Traditional broadcast protocols fail to scale to large settings. Several recent attempts have proven efficient to ensure reliable information dissemination in groups composed of a large number of participants. We are studying reliable multicast protocols that integrate two complementary approaches to deal with the large-scale dimension in group communication protocols: gossip-based probabilistic and semantic-based protocols.
Although it seems intuitive that the combination of probabilistic and semantic reliable protocols should provide good results, we show that a naive composition of both protocols offers disappointing results. It is proposed a specialized probabilistic semantically reliable layer, evaluated different implementation policies and a study of the impact of relevant system parameters in the performance of the protocol.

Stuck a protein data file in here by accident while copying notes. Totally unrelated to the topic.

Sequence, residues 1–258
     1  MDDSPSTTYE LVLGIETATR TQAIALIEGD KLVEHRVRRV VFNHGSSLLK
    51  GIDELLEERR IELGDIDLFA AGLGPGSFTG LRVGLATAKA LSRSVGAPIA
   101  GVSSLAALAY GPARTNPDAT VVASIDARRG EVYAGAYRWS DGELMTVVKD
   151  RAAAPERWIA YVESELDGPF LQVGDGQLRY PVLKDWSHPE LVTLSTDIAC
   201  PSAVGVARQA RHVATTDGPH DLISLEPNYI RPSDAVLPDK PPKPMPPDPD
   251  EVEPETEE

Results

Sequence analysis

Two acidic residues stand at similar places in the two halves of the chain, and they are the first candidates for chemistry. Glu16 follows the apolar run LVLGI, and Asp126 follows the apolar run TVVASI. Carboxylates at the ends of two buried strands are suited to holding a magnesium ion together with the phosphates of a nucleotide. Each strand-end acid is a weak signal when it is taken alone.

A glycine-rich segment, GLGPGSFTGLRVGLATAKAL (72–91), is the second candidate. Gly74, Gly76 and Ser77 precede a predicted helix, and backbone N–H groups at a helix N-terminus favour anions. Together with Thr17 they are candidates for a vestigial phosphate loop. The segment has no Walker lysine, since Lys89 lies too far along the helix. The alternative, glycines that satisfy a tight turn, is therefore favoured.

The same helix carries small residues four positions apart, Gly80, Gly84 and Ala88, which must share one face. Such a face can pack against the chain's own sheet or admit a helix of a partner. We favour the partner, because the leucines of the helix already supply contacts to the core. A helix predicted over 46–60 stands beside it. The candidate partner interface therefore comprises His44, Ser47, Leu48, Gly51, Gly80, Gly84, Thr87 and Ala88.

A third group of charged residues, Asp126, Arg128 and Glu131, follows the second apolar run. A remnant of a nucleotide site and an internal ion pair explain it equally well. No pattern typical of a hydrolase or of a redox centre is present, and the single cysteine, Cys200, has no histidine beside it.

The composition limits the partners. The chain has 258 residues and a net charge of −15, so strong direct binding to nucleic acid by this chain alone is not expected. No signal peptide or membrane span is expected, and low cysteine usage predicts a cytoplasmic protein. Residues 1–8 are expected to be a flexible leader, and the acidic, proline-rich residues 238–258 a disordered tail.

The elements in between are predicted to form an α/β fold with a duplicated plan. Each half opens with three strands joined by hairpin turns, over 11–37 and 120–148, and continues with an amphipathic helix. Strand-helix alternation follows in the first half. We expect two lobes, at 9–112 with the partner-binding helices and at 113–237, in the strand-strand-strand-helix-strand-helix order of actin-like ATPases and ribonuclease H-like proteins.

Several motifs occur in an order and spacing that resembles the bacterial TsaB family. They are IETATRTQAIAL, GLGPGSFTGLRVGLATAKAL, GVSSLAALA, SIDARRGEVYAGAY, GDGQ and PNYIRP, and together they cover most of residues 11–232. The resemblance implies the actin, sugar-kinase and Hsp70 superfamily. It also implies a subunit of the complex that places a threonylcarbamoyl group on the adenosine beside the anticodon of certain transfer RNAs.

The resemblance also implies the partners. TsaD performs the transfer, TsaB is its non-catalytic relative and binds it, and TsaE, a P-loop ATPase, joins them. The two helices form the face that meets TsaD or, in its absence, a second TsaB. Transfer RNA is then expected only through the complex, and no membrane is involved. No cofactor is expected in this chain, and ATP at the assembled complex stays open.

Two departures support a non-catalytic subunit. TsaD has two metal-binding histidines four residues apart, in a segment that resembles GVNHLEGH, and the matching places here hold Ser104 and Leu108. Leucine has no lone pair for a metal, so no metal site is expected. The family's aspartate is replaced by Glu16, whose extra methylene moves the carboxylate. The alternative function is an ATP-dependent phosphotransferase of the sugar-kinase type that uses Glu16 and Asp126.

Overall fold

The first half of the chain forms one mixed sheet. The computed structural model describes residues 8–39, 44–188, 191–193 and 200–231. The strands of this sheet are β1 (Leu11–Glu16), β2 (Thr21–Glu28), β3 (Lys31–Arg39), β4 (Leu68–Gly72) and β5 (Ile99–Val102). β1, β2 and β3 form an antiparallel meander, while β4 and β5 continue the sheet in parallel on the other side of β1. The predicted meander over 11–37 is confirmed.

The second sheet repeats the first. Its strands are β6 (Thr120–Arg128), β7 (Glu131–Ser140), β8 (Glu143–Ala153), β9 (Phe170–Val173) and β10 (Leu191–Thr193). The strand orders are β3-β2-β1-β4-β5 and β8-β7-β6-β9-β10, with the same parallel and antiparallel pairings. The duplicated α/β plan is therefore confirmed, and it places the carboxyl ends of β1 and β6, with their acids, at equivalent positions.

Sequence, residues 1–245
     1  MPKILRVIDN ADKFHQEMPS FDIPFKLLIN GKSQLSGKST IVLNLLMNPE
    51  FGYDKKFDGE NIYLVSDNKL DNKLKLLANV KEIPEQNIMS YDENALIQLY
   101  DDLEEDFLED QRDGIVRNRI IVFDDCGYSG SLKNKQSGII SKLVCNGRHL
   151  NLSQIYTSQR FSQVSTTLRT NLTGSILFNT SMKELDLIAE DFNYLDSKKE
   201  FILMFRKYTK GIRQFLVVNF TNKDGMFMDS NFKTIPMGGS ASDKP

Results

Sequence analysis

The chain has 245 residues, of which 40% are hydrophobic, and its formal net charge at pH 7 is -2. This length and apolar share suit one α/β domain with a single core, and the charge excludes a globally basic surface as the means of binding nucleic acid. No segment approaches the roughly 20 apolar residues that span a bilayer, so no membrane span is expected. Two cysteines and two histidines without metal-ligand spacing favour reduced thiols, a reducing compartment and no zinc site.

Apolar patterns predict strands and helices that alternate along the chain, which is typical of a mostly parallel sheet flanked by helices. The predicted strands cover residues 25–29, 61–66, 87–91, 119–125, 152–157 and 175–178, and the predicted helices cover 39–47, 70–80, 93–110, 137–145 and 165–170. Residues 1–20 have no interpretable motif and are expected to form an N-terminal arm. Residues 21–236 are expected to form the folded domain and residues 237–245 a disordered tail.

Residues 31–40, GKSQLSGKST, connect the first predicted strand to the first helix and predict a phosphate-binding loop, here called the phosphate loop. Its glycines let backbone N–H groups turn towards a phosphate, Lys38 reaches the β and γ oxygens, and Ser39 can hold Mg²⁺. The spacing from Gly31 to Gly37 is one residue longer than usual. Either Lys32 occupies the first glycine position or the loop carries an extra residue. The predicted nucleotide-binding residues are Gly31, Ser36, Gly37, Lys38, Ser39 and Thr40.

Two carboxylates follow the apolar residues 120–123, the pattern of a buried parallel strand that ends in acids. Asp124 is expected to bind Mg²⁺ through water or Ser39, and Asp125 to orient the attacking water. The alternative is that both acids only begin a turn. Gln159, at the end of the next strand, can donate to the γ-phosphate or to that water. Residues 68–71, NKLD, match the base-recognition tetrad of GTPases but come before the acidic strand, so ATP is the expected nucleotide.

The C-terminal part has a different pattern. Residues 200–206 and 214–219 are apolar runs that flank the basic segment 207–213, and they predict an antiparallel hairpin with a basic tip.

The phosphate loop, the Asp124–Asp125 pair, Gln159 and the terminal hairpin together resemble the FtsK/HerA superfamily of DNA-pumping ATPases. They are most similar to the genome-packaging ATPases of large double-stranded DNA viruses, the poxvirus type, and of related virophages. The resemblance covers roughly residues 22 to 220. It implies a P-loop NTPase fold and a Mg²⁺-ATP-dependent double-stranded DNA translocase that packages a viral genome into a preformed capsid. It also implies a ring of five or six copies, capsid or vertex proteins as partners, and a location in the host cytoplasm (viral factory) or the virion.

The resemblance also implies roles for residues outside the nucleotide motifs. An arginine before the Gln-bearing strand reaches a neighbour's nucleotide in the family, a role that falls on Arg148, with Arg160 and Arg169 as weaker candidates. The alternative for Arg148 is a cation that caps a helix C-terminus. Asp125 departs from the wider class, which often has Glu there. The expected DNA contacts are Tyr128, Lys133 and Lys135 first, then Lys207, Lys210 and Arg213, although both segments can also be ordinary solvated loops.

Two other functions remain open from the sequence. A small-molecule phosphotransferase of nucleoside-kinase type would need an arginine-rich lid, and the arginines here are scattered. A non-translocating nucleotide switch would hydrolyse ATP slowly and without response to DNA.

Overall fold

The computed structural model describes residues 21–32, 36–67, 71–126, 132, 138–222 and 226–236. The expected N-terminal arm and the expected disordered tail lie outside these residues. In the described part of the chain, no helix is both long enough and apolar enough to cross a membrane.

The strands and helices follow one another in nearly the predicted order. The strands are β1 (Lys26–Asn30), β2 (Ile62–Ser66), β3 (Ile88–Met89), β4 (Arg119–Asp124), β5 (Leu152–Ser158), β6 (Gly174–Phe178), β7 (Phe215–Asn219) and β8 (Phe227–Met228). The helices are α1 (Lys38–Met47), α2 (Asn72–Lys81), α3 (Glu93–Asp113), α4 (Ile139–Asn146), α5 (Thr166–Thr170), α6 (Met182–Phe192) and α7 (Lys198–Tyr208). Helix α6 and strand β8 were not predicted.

Our approach allows us to identify which protocol configuration provides the
best results, combining the advantages of both models in a single primitive
that: i) is scalable to large number of participants and highly resilient to
network and process failures and; (ii) delivers a high quality data flow even
when the load exceeds the available bandwidth.
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